As Neuman said, “one of the main weaknesses ofthe conventional explanations of intelligence failure is that they presumeintelligence to be produced and consumed in an intellectual vacuum.”22Along with the shortcomings on the policy and counterterrorism front, the faultlied not only in collection of intelligence but also in its usage. Theoperations undertaken by the United States in other countries increased itsrisk of getting attacked. An attack as large scale as the 9/11 cannot be blamedsimply on one aspect of intellgince.  1 Melvin A.Goodman, “9/11: The Failure of Strategic Intelligence,” Intelligenceand National Security 18 (Winter 2003),pg 59 2 R.

K.Betts, ‘Two Facesof Intelligence Failure: September 11 and Iraq’s Missing WMD’, PoliticalScience Quarterly, 122:4(2007),p.5873 Richard J Aldrich, et al. Secret Intelligence: A Reader (Routledge:NewYork,2009), p.

175.4 Richard J Aldrich, et al. Secret Intelligence: A Reader (Routledge:NewYork,2009), p.175.5Richard J Aldrich, et al. Secret Intelligence: A Reader (Routledge:NewYork,2009), p.172.

6 Richard J Aldrich, et al. Secret Intelligence: A Reader (Routledge:NewYork,2009), p.172.7 R.K.Betts, ‘Two Facesof Intelligence Failure: September 11 and Iraq’s Missing WMD’, PoliticalScience Quarterly, 122:4(2007), p.5878 R.K.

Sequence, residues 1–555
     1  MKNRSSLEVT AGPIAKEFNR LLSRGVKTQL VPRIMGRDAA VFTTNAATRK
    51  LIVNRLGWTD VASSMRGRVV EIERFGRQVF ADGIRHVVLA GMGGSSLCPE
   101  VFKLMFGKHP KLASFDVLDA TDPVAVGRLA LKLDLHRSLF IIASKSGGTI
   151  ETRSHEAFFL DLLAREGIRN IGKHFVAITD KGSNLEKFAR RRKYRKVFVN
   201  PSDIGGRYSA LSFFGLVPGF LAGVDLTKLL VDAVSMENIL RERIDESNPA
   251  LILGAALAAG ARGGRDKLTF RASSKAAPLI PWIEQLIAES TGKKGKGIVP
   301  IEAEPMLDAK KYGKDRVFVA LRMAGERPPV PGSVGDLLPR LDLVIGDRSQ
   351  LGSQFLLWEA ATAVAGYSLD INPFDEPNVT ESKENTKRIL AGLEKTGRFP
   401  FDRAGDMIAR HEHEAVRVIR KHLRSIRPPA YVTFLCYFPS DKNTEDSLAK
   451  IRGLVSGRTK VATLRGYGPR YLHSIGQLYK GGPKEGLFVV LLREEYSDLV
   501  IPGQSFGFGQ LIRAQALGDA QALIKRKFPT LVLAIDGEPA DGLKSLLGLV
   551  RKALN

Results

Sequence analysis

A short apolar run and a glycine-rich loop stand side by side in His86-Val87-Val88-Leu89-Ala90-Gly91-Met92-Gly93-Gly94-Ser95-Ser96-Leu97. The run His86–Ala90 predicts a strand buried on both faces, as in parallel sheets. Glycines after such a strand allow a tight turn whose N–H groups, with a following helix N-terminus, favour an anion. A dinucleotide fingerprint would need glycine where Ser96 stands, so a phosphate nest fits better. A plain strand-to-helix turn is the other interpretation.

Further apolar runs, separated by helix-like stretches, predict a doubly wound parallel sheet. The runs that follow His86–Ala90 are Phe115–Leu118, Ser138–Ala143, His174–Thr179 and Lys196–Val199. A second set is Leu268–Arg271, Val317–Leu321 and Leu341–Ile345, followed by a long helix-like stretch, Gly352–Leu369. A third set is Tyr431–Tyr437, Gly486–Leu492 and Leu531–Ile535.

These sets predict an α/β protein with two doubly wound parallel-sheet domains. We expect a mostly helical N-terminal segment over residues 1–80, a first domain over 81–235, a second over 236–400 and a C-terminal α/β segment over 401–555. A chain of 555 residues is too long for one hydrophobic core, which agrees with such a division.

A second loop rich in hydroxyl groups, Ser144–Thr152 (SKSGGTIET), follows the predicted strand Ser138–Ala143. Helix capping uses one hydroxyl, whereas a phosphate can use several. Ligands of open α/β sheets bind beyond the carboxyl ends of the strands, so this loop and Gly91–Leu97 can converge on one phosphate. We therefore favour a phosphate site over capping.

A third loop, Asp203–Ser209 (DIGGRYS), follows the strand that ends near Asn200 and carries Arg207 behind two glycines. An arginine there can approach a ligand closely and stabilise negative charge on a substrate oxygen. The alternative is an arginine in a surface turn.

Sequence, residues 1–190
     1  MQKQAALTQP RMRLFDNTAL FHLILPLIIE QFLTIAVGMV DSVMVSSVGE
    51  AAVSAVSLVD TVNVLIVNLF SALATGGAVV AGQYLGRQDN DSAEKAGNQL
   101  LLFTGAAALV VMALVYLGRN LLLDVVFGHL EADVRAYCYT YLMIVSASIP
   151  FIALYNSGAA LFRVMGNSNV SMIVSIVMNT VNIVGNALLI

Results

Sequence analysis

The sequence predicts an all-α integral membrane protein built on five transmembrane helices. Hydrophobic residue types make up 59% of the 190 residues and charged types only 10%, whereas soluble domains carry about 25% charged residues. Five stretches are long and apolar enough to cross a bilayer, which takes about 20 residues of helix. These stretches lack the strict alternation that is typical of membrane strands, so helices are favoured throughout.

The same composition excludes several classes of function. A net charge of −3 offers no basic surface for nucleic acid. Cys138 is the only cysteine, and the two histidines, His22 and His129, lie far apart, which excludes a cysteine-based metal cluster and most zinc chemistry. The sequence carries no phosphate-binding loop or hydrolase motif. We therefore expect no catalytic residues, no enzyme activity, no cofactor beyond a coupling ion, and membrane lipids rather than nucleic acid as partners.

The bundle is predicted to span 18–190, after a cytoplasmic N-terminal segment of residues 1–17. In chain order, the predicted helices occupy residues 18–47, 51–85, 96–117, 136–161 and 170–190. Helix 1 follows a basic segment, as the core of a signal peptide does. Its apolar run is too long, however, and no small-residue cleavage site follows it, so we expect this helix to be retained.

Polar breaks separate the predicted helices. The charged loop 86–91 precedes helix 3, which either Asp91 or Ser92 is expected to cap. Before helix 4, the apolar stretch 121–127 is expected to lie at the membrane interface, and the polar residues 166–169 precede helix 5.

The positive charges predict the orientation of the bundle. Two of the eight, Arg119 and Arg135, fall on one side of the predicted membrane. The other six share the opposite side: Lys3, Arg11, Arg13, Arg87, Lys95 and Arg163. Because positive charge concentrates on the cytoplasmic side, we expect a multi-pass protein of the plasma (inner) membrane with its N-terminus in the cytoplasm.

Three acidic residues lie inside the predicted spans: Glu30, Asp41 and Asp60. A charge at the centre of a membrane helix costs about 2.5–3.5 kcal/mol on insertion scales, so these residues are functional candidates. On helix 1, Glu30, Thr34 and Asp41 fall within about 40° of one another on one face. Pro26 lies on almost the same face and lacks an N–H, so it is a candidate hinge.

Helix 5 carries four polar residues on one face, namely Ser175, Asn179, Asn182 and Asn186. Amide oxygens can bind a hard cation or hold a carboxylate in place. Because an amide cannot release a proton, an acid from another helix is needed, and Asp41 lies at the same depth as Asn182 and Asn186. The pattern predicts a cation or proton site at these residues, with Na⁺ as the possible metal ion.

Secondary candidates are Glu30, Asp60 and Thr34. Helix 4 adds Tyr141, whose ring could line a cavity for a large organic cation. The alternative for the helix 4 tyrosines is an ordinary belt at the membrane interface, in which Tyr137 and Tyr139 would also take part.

Betts, ‘Two Facesof Intelligence Failure: September 11 and Iraq’s Missing WMD’, PoliticalScience Quarterly, 122:4(2007),p.5879 Richard J Aldrich, et al. Secret Intelligence: A Reader (Routledge:NewYork,2009), p.16910Richard J Aldrich, et al. Secret Intelligence: A Reader (Routledge:NewYork,2009), p.170.11 Richard J Aldrich, et al. Secret Intelligence: A Reader (Routledge:NewYork,2009), p.

17612 Richard J Aldrich, et al. Secret Intelligence: A Reader (Routledge:NewYork,2009), p.177.13 PeterNeuman & M.L.

R.Smith, ‘Missing the Plot? Intelligence and Discoursefailure’, Orbis , 49:1 (2005), p.95. 14 Richard J Aldrich, et al.

Secret Intelligence: A Reader (Routledge:NewYork,2009), p.177.15 (last accessed 15/01/2018)16 https://www. (last accessed 15/01/2018)17 (last accessed 15/01/2018)18 (last accessed 15/01/2018)19 Richard J Aldrich, et al. Secret Intelligence: A Reader (Routledge:NewYork,2009), p.

171.20 Richard K. Betts, Surprise Attack(Washington DC: Brookings Institution, 1982),chapter421 Richard J Aldrich, et al. Secret Intelligence: A Reader (Routledge:NewYork,2009), p.190.22 PeterNeuman & M.L.R.Smith, ‘Missing the Plot? Intelligence and Discoursefailure’, Orbis , 49:1 (2005), p.97.